GLENVIEW -- The problem that Stevenson poses for opponents isn’t even necessarily the skill level of its players, although those players are skilled, to be sure.
“I wouldn’t say they’re as skilled as Loyola, or New Trier, but they work so hard and they play as a team,” Glenbrook South forward Jason Ban said. “Even if you’re on the opposing team, it’s cool to watch the way they play as a team, and always know where each other are. It’s a team game and they execute it perfectly.”
The Patriots sit atop the SHL standings through Wednesday’s games for a reason, and their cohesive five-on-five play earned them a 42-20 edge in shots over host Glenbrook South, and ultimately a 4-2 win.
Stevenson defenseman Nolan Jones cited another key reason for the win. “Forecheck, forecheck, forecheck,” he said. “That’s our game. If we can keep flowing out there on the forecheck, we can keep winning games.”
Stevenson (14-5-0 in SHL play) got two goals from Davis Jegers and one apiece from Spencer Harman and Brandon Schultz, while Glenbrook South (6-10-0) got a goal apiece from Brad Southwood and Matt Callaghan.
With less than two minutes remaining in the game, a 2-2 tie seemed destined for overtime. But with 1:13 remaining, Jegers pounced on a puck at the goalmouth and buried the game-winner. Jegers followed with an empty-netter with only 41 seconds remaining.
Stevenson coach Tom Wood summed up the game this way:
“I thought five-on-five we really dominated, but they play good ‘D’,” Wood said. “A lot of the shots we took in the beginning were from the outside and the three goals we scored were right in front of the net. (Glenbrook South) did a nice job early of keeping shots to the outside. I kept telling our guys to get in front, get inside their defense, and we finally did that late in the game.”
South coach Jim Philbin bemoaned that his Titans let a point in SHL the standings slip away down the stretch of regulation, a fact made particularly painful since South’s Matt Callaghan’s goal had tied the game at 2-2 with only 3:34 left to play.
But Jegers, who leads the SHL with 19 goals and 31 points through Wednesday’s games, effectively scored the game-winner with time running out.
“We work hard, we tie it up, and then a bit of a blown coverage on our forecheck, which allowed them to gain access into the neutral zone,” Philbin said. “That’s a mistake we had. Then it’s a broken play and it pops right to (Jegers), who’s wide open because we didn’t have coverage, and he buried it.”
The game’s first period saw Stevenson on the power play three times and post a 15-4 edge in shots. Glenbrook South had a breakaway opportunity and a two-on-one scoring chance in the period, but the first 17 minutes went scoreless.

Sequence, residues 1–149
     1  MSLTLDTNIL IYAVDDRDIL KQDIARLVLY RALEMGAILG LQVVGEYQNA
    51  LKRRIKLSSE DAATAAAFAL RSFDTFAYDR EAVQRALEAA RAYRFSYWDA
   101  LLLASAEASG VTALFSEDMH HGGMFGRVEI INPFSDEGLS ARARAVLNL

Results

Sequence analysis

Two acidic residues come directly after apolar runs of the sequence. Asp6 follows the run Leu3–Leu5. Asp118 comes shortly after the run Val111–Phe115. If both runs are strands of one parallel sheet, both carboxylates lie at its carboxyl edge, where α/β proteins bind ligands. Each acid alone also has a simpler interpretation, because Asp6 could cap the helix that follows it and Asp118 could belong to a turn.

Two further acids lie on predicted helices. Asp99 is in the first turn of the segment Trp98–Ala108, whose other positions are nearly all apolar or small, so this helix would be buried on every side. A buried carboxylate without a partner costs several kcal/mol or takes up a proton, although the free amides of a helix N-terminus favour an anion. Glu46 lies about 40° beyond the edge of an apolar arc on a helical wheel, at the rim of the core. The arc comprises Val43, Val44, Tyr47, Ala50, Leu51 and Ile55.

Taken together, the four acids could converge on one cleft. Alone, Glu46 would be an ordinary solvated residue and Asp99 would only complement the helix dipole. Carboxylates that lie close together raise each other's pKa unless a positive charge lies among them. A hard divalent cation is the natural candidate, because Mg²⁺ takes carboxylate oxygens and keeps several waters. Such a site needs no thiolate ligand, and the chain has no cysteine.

The two goals scored in the second period came two minutes apart. Glenbrook South got its first power play and at the 5:56 mark Brad Southwood scored off a Mason Dolby feed to give his side a 1-0 lead.
Exactly two minutes later, at 3:56, Stevenson knotted the game on a Brandon Schultz goal, with assists from Cam Schneider and Ethan O’Gradney. Both Stevenson goalie Jonathan Adler and Glenbrook South goalie Eli Kamins made some quality saves through two periods.
A shot by Stevenson’s Zach Meyers hit the bar and Adler stopped a breakaway shot from Will Papalas in the first period. Adler made a glove save on a Finn Boland shot and Kamins turned away a Jegers breakaway shot in the second period.
The teams retired to their locker rooms at intermission tied 1-1.
“It was a little bit of a line-match battle between me and Jimmy (Philbin),” Wood said. “He’d put a guy on then I’d take a guy off, then I’d put a guy on and he’d take a guy off.”
Stevenson’s team game shined through two periods.
“Our passing is getting better,” Jones said, "and kids are getting more confident with the puck — skating with it instead of just flinging it away.”
Glenbrook South’s penalty kill was rock-solid through two periods, and Southwood got his goal on the power play.
“We pride ourselves on special teams,” Ban said. “We had a rough start to the year with them, but our power play has found its identity and our penalty kill has been working well.”
Harman struck from point-blank range at 15:24 of the third period on a Rafael Biedron feed to the goalmouth, giving Stevenson a 2-1 lead. That’s the way it stayed until Callaghan’s goal at 3:34 on assists from Owen Almburg and Southwood.